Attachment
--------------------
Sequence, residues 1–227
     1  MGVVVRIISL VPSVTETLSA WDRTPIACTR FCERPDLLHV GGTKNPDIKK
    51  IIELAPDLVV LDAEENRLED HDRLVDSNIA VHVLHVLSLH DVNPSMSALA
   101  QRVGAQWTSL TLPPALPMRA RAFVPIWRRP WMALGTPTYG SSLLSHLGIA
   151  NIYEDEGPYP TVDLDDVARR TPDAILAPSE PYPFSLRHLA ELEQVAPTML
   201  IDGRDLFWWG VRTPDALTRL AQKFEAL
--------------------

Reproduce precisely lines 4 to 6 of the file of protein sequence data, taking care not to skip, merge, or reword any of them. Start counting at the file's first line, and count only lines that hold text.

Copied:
   101  QRVGAQWTSL TLPPALPMRA RAFVPIWRRP WMALGTPTYG SSLLSHLGIA
   151  NIYEDEGPYP TVDLDDVARR TPDAILAPSE PYPFSLRHLA ELEQVAPTML
   201  IDGRDLFWWG VRTPDALTRL AQKFEAL